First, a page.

“In my experience, there are very few applications [without notice for an extension of time for service of the claim form] being made since the 2006 cases unless there are real difficulties in actual physical service. Even fewer are being granted.” ”

  •  Among the reasons that will not qualify as good in this context, is the ground that a lack of substantive response by the defendant to the claimant’s complaint made it difficult or wasteful in costs to draft Particulars of Claim.  In such circumstances the claimant should serve the claim form within the 4 months and seek an extension of time to serve the Particulars of Claim – see Hoddinott at [38] and [41].
  • Immediately following the passage from paragraph 59 of Hoddinott quoted above, Dyson LJ said this in the same paragraph:

“But even where there is no good reason for failing to serve within the four months’ period, the court will exceptionally exercise its discretion to grant an extension where CPR r 7.6(2) applies.”

  •   It follows that the grant of an extension of time may be appropriate, even in the complete absence of any good reason for failure to serve in time, provided there are exceptional circumstances.
  •  What sort of circumstances qualify as relevant and exceptional?  Significant among them are those which relate to the purposes for service of a claim form.  Dyson LJ said this:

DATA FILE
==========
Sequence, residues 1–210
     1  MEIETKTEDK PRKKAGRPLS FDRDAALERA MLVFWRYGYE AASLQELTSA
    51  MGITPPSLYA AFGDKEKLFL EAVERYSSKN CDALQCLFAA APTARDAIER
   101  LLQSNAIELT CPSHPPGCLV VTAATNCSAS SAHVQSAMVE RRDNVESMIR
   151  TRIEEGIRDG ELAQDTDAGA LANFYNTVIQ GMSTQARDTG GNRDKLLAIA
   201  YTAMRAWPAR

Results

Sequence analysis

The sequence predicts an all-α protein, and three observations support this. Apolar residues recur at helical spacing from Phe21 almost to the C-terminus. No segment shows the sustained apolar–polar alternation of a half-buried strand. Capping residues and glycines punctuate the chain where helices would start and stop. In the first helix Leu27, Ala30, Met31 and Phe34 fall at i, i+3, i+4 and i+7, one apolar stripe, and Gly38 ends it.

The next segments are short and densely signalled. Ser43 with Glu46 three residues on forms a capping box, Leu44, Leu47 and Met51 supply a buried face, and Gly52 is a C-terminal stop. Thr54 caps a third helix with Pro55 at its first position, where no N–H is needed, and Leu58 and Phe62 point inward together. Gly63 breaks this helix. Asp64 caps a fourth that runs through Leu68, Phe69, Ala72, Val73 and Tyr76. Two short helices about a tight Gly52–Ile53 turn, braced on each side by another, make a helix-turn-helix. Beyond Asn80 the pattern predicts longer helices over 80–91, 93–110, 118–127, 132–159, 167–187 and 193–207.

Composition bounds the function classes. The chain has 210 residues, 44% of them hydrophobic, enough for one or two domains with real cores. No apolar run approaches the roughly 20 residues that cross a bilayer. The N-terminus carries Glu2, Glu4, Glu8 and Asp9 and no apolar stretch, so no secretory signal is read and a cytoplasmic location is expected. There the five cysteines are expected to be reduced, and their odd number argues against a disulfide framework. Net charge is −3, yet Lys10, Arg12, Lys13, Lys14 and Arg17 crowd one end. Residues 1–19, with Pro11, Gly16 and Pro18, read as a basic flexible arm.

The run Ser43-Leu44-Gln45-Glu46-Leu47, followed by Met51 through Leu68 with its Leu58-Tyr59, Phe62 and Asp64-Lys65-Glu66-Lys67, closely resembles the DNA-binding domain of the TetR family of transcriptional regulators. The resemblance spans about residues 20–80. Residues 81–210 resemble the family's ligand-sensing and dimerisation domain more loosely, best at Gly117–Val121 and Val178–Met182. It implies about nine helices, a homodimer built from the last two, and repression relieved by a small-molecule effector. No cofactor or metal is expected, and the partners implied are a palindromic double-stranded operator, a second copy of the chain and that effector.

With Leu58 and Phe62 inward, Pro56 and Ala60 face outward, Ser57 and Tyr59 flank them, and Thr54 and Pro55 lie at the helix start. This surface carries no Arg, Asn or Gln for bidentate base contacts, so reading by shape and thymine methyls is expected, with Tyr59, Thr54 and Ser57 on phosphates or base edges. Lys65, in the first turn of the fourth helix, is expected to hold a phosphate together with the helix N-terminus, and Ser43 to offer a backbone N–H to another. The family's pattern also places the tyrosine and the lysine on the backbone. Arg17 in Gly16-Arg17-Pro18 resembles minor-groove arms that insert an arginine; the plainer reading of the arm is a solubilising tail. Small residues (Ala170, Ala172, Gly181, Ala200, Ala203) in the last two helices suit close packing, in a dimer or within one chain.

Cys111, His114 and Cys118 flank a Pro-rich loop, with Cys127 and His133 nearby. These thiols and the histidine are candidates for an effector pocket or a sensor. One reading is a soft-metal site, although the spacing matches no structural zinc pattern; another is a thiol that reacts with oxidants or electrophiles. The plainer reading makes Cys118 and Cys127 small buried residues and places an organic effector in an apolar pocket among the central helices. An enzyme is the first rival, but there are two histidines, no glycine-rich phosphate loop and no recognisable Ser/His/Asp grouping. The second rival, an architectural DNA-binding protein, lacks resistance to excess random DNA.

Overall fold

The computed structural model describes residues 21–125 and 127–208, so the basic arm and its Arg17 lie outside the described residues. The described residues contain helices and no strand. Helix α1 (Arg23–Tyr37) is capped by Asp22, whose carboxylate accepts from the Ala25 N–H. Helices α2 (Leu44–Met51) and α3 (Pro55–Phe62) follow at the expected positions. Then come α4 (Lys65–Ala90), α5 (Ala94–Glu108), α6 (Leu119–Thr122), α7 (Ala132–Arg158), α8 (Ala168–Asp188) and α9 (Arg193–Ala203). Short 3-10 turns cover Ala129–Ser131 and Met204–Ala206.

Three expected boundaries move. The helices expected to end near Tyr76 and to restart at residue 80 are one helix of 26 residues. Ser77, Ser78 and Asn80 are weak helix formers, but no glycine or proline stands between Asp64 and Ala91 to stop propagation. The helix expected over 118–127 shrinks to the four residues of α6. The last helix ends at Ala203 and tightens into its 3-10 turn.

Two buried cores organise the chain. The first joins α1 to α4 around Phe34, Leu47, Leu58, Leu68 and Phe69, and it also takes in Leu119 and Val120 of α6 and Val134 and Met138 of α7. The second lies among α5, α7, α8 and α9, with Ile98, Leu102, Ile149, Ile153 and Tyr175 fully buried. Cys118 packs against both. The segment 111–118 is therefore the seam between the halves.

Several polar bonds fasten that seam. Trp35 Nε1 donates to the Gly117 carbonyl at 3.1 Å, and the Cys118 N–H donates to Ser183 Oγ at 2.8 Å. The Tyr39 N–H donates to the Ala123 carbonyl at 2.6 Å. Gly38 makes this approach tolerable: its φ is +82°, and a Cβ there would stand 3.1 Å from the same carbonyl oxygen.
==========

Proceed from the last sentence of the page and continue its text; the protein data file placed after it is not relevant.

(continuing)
“[54]    It is tempting to ask: what is the point in refusing to extend the time for service if the claimant can issue fresh proceedings? But service of the claim form serves three purposes. The first is to notify the defendant that the claimant has embarked on the formal process of litigation and to inform him of the nature of the claim. The second is to enable the defendant to participate in the process and have some say in the way in which the claim is prosecuted: until he has been served, the defendant may know that proceedings are likely to be issued, but he does not know for certain and he can do nothing to move things along. The third is to enable the court to control the litigation process. If extensions of time for serving pleadings or taking other steps are justified, they will be granted by the court. But until the claim form is served, the court has no part to play in the proceedings. A key element of the Woolf reforms was to entrust the court with far more control over proceedings than it had exercised under the previous regime. The rules must be applied so as to give effect to the overriding objective: this includes dealing with a case so as to ensure so far as is practicable that cases are dealt with expeditiously and fairly: CPR r 1.1(2)(d) . That is why the court is unlikely to grant an extension of time for service of the claim form under CPR r 7.6(2) if no good reason has been shown for the failure to serve within the four months’ period.”

In addition, a highly relevant factor (in a negative sense) is whether the claim would be time-barred if the claimant were to issue fresh proceedings.  The court should not generally deprive the defendant of his expectation that the claim is no longer available to the claimant.  It goes further: in Hoddinott Dyson LJ ruled (at [52]) that even if the matter is open to doubt, on an application to extend time for service of the claim form the court should not resolve the issue but make an assumption in the defendant’s favour: